Renault-Nissan: A Precarious (but Certain) Future

The recent few years have been a wild ride for the Renault-Nissan-Mitsubishi alliance. The arrest of the former alliance’s chairman Carlos Ghosn in Japan in 2018 led to the reports of an almost imminent breakup in 2019 (see) only to be followed by the news about even closer collaboration in 2020 (see). So what is going on with one of the largest car manufacturers?

Under Mr. Ghosn the strategy of the united company’s development was virtually all about sales. In the broad sense, it was based on the idea of another great car industry visionary – the late Sergio Marchionne. His target was to sell at least 2 mln. cars worldwide (see). While today this threshold seems a bit too easily overcome by many global brands, plenty of well-known manufacturers still struggle to reach it. And it was even more true in the early 2010s when some famous brands were on the verge (or even over it) of bankruptcy after the Global Financial Crisis.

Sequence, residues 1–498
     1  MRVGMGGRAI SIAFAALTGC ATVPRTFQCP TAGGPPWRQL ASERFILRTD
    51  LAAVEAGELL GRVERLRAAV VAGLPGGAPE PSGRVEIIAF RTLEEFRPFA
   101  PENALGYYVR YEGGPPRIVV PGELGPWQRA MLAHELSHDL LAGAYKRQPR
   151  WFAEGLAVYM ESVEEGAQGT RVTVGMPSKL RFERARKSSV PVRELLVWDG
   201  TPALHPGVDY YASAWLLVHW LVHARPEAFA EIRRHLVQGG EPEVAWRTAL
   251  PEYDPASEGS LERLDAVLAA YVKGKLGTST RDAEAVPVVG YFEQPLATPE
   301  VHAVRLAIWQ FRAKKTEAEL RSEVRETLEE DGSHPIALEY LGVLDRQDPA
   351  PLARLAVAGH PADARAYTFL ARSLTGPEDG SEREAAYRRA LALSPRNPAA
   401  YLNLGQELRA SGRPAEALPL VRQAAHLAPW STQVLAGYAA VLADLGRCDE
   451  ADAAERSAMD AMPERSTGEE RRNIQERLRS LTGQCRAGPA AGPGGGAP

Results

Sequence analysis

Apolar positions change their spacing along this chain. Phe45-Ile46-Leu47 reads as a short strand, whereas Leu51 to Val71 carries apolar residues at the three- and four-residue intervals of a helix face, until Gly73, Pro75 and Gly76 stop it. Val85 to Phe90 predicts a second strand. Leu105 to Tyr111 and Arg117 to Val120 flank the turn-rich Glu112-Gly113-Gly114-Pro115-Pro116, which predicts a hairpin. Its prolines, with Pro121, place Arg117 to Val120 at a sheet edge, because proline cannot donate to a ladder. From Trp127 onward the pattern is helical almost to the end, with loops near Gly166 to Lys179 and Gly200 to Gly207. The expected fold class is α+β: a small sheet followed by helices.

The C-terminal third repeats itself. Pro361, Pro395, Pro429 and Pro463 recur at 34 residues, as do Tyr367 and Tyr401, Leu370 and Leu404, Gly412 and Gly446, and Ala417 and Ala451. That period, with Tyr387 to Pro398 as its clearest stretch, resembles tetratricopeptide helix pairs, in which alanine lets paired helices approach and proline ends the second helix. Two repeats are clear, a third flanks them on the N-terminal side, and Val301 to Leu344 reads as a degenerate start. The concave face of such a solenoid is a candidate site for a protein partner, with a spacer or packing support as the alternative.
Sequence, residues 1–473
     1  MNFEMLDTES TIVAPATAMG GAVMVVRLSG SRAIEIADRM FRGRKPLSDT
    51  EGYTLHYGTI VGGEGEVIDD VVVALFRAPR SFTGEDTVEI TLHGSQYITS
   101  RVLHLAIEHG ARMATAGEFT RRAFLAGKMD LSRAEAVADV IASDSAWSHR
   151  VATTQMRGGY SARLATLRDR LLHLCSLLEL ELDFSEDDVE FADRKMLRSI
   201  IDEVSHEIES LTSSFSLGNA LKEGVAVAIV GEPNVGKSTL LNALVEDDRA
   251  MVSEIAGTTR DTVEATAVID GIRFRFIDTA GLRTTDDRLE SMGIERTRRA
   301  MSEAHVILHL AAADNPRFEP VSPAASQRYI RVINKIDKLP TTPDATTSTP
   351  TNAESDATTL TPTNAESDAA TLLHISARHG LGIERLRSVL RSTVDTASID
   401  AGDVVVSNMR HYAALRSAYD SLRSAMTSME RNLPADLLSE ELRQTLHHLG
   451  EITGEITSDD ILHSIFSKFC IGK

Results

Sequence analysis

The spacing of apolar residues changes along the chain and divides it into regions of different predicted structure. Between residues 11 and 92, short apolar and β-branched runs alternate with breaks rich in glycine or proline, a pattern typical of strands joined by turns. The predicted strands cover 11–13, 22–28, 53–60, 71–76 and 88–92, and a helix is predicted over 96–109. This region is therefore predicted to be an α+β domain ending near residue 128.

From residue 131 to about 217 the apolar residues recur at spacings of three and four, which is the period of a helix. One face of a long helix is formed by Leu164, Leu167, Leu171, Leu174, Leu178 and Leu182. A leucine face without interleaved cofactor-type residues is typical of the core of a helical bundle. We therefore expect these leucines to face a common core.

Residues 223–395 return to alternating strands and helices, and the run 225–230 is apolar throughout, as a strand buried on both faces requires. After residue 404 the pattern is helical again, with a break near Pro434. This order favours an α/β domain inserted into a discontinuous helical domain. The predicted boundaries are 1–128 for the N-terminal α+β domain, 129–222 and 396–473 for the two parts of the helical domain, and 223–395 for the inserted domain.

So maintaining a high sales target has been a priority for almost a decade now. Yes, there have been accompanying goals like production platforms unification, geographic market segments targeting, and decreasing the number of distinct brands. But volume has remained the key, volume is the strategy in the modern car industry.

In this sense, the idea of Renault-Nissan-Mitsubishi breaking up has always seemed doubtful and counterproductive. This being the case Mitshubishi would have certainly gone way under the 2 mln. threshold, while the market power of both Renault and Nissan would have been almost halved. As so many companies know, it’s one situation to compete being the market leader and quite another lagging in the 5-6th place.

It appears that the year 2019, turbulent after Mr. Ghosn’s departure, was followed by an even more chaotic 2020. The major reason for this was the acute fall in demand after the global COVID-19 pandemic hit. It made the group’s management come to the understanding of what has always been quite patent: only keeping the alliance intact regardless of the smaller technical and organizational problems gives all the companies in it a brighter future. More standardization between the technological platforms and even more strict geographic market segments approved in May 2020 seems a natural way to go. Conversely, the recent rumors about a possible Mitsubishi separation (see) appear headed in the wrong strategic direction regardless of the short-term benefits for the management and some shareholders.